1. Start and stop speech
2. Select an item
3. Read continuously
4. Scroll down by page
5. Turn screen curtain or speech on and off
These are done just like on the i devices so people using them will be familiar with the gestures.

GPS for Mobility:
• Another question was related to the use of GPS devices while travelling in our communities: How do you multitask with mobile GPS devices.
• Some indicated they use their stand-alone and iOS GpS apps, but they turn a lot of the POI and other verbosity off. Maybe just approaching streets need to be spoken while walking.
• When you are in unfamiliar areas, you can quickly turn these things on if you wish.
• Albert likes the clip on speaker from the trekker Maestro. The Breeze one doesn’t seem to work with iPhones. Kim uses the aftershokz headphones and likes them very much.
• If anyone knows of any other available clip on speaker please let us know through the comments on the http://www.GTTProgram.WordPress.com web site.

White Canes and Mobility Preferences:
• Several participants indicated they use Dog Guides, with folded white canes used for locating items or for indoor use.
• Cane Tips people like the roller tip that is like a ball.
• Cyramic tip; sharp sound and because it is hard it never wears out.
• What to do with the cane when signing documents at a counter etc; Stick folded cane in a back pocket or handbag.
• One person indicated that she shoves the cane down her sock.

Do you wash the cane tips when entering your home or public buildings:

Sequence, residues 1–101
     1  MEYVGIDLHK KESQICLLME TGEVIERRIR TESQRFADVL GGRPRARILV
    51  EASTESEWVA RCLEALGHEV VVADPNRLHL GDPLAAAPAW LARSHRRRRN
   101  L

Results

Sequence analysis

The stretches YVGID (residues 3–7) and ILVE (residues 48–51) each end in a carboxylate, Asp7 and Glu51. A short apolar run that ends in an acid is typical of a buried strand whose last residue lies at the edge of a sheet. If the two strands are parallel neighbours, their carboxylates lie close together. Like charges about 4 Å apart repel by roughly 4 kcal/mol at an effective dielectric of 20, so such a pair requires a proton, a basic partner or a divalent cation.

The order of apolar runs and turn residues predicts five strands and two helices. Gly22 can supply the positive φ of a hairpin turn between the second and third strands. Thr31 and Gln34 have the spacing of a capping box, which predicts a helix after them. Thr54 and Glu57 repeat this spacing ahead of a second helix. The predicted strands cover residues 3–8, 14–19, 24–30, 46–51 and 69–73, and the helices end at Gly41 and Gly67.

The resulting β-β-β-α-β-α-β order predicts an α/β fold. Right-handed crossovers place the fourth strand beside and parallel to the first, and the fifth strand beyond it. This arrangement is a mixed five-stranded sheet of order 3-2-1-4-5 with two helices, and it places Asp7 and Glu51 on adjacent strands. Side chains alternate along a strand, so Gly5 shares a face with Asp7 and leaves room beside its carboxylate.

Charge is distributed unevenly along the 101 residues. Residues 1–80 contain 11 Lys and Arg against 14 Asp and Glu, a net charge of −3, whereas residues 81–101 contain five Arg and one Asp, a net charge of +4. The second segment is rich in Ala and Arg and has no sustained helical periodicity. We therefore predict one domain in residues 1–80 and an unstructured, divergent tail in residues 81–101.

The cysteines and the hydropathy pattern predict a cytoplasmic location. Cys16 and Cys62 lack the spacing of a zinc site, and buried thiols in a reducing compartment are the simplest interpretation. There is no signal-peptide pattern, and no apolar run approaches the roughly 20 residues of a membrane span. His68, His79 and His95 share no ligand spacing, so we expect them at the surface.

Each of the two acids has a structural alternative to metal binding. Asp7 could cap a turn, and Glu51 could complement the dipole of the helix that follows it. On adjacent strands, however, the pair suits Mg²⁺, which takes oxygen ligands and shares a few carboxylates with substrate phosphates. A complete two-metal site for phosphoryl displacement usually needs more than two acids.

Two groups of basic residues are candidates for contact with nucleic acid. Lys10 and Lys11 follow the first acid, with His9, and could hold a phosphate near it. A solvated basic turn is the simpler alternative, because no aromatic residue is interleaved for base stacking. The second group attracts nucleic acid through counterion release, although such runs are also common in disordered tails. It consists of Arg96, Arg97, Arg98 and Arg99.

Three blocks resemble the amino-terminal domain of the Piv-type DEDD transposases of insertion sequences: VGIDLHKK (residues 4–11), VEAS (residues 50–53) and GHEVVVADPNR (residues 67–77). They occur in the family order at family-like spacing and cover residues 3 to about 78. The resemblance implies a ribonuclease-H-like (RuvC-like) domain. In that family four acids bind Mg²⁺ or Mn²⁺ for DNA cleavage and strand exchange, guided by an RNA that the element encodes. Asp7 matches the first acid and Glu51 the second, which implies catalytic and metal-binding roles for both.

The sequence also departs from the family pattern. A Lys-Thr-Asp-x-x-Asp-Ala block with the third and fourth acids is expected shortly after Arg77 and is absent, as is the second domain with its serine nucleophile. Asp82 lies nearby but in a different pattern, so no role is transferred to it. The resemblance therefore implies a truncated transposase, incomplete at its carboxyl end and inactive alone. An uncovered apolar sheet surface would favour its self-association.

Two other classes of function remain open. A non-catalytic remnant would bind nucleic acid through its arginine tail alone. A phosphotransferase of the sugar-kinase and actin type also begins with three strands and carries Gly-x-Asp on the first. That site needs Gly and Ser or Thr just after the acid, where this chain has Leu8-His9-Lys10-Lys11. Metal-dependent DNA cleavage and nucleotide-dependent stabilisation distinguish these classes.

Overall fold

• Some people wash their canes regularly, and others only when they’ve gotten particularly dirty.
• Instead of setting a dirty cane on counters/tables, try placing the cane on the floor between your feet when sitting at a restaurant.
• Using the elastic, attach the folded cane to your chair.
• Using the elastic, atach the cane to your purse strap or backpack.
• There are holders/pouches/hooks you can buy for folded mobility canes that attach to your purse-strap or belt.
• Ambutech is one place where White Mobility Cane Holsters, Pouches and Hooks can be purchased.
https://ambutech.com/shop-online/accessories/pouches-holsters-and-hooks

Is it wise to have the elastic attached to your wrist when walking with a mobility cane:
• Most recommended that it isn’t wise to do so.
• It is safer to drop your cane than put it around your wrist in the event it gets caught up by a passing bike or motor vehicle.

What styles of canes are most often used:
• Few on the call use the Rigid cane. It is too cumbersome to store on buses, trains and airplanes. Albert prefers the rigid for most excursions, however uses a folding cane when travelling with sighted guides.
• One can carry folding canes in backpacks or purses when using Dog Guides if needed.
• It was thought by some that drivers seem to be better able to see white canes than Dog Guides. Perhaps it’s because of the increased usage of service dogs.
• Some thought the red stripe at the bottom of the cane is to show drivers that you want to cross the street when it is held out in front of the user horizontal to the ground.
• Some believe that the red stripe at the bottom of the cane is for depicting deaf blindness.
• Some have noted that the cane disappears from view when walking on painted street crossings.

Multi-Coloured Canes: